My concern is that the breadth of the wording in paragraph 6 could lead to the repeal of legal protections that go far beyond the realm of free movement, which is the purpose of this Bill. I hope the Minister may be able to put some assurances on the record in relation to my concerns about the Government’s future intentions. As we heard a few moments ago, certain provisions of EU law, as retained EU law, have been brought within UK law by a number of different instruments—some EU law has been brought into domestic law through statutory instruments and so forth. They are saved by section 2 of the European Union (Withdrawal) Act 2018. Direct EU legislation is saved as retained EU law by section 3 of the 2018 Act. It is explicitly defined and does not include treaties or directives; it is things such as EU regulations with direct applicability.

Any other powers, liabilities, obligations, restrictions, remedies and procedures that could be enforced in the UK because of EU law are carried over by section 4 of the 2018 Act. That includes things like treaties and directives that are directly effective. It is, however, important to note that section 4(2)(b) limits the enforceability of directives to the extent that retained EU law is only the rights, powers, liabilities, obligations, restrictions, remedies or procedures arising under an EU directive that are of a kind that have been recognised by the European Court or any court or tribunal in the United Kingdom in a case decided before the end of the transition period.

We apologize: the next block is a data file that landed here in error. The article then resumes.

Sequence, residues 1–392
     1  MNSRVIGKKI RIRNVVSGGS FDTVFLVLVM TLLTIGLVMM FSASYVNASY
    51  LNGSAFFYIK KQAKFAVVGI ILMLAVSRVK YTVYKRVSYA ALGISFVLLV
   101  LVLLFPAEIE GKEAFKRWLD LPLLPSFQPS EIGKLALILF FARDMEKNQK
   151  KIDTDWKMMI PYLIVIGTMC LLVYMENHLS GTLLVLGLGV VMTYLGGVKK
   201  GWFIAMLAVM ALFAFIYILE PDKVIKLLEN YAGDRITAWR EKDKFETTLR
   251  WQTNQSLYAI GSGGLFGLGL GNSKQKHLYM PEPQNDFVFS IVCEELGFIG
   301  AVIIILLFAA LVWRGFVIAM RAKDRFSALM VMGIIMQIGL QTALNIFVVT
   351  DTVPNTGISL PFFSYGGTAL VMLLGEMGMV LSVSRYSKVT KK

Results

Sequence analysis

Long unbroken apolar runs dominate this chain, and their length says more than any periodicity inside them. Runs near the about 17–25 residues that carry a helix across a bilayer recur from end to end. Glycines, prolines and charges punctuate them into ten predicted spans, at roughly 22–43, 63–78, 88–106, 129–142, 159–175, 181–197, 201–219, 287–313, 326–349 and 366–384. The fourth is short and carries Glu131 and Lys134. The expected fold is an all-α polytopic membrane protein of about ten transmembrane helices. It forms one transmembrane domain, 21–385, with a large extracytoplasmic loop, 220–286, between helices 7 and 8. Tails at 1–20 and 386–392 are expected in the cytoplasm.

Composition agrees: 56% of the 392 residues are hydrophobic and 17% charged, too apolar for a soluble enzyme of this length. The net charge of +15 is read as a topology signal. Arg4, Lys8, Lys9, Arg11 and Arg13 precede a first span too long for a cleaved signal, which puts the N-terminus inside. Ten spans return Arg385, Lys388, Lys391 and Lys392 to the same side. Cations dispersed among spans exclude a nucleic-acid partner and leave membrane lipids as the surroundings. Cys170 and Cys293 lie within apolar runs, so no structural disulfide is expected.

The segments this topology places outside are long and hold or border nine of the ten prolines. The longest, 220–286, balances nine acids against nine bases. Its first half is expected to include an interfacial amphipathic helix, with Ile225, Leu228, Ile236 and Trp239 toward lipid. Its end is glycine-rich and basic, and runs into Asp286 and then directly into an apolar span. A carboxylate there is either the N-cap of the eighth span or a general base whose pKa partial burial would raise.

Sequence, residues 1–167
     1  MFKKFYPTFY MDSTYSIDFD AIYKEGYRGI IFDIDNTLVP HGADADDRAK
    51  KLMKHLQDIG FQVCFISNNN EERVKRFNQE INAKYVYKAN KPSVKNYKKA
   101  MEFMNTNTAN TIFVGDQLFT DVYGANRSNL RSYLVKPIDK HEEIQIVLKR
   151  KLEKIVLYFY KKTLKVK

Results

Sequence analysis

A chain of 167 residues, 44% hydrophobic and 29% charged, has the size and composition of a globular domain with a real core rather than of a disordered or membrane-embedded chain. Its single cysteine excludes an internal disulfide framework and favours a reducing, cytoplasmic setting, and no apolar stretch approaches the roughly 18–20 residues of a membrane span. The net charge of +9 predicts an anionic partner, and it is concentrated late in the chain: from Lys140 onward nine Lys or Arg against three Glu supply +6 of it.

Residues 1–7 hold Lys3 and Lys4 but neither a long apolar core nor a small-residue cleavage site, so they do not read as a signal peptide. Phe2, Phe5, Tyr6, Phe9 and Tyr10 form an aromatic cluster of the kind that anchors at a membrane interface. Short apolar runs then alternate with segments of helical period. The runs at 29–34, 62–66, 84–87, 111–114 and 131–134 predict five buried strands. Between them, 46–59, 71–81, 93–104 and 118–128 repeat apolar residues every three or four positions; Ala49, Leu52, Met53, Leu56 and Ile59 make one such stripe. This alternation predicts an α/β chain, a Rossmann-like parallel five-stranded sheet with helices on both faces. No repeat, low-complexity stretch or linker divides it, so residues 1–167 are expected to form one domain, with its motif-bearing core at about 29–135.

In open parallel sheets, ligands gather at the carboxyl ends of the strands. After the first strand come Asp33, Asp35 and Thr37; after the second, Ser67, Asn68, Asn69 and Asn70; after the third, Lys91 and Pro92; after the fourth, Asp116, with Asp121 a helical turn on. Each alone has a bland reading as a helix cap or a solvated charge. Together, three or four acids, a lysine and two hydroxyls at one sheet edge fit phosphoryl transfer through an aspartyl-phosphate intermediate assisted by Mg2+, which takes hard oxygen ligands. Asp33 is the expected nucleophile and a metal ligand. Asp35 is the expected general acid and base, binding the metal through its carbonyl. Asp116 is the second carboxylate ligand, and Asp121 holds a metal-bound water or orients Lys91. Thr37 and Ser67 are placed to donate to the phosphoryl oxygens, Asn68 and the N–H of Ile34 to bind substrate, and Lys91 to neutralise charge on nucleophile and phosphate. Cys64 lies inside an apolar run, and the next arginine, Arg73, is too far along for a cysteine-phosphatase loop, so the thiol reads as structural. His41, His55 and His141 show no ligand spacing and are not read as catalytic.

Paragraph 6 of schedule 1 disapplies those provisions of EU law to the extent that they are either inconsistent with or otherwise incapable of affecting the interpretation, application or operation of any provision made by or under the Immigration Acts, or otherwise capable of affecting the exercise of functions in connection with immigration. The problem is that the carve-out basically all EU immigration law retained by virtue of paragraph 4, because

“capable of affecting the exercise of functions in connection with immigration”

could basically mean just about anything. The question I am asking the Minister is what EU law that paragraph applies to. What exactly are the Government trying to target?

We get some help from paragraphs 68 and 69 of the explanatory notes to the Bill, which suggest the Government may be trying to affect what we have come to call derived rights cases, in the free movement context. For example, cases of so-called Zambrano carers. These are situations where the European Court has recognised that, because of rights within the European treaties available to European nationals, certain rights must be given to those nationals and their family members or carers in order to ensure that the European national can actually enjoy their EU rights. I accept that, if one is trying to get rid of free movement, as the Bill is, these categories would need to be removed from UK law. That is exactly what ending free movement means, but if that is the scope of the Government’s intentions, it should be much clearer in the Bill.

Unfortunately, paragraph 6 goes much wider than that, addressing not only provisions made under the Immigration Acts, as the Minister suggested a few moments ago, but any matter capable of being seen as in connection with immigration. That could include, for example, the anti-trafficking directive, which prohibits removal of a victim of trafficking if they never received sufficient support and assistance under article 11 of the directive. Other directives that could be caught under involving the exercise of functions in connection with immigration include the reception conditions directive, which supports asylum seekers, the EU victims’ rights directive, and potentially others.